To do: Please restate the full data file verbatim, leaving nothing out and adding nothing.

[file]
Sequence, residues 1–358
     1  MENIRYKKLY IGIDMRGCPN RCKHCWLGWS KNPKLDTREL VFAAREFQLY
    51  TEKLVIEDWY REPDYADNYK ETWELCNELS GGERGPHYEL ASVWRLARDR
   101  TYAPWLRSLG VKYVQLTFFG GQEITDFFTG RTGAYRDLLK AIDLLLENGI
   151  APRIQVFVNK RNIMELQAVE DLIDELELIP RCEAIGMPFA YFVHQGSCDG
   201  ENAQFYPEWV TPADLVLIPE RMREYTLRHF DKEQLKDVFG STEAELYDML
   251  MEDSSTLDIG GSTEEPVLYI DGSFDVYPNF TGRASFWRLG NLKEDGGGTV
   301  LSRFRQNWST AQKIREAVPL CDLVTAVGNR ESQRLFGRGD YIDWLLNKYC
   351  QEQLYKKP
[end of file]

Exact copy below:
Sequence, residues 1–358
     1  MENIRYKKLY IGIDMRGCPN RCKHCWLGWS KNPKLDTREL VFAAREFQLY
    51  TEKLVIEDWY REPDYADNYK ETWELCNELS GGERGPHYEL ASVWRLARDR
   101  TYAPWLRSLG VKYVQLTFFG GQEITDFFTG RTGAYRDLLK AIDLLLENGI
   151  APRIQVFVNK RNIMELQAVE DLIDELELIP RCEAIGMPFA YFVHQGSCDG
   201  ENAQFYPEWV TPADLVLIPE RMREYTLRHF DKEQLKDVFG STEAELYDML
   251  MEDSSTLDIG GSTEEPVLYI DGSFDVYPNF TGRASFWRLG NLKEDGGGTV
   301  LSRFRQNWST AQKIREAVPL CDLVTAVGNR ESQRLFGRGD YIDWLLNKYC
   351  QEQLYKKP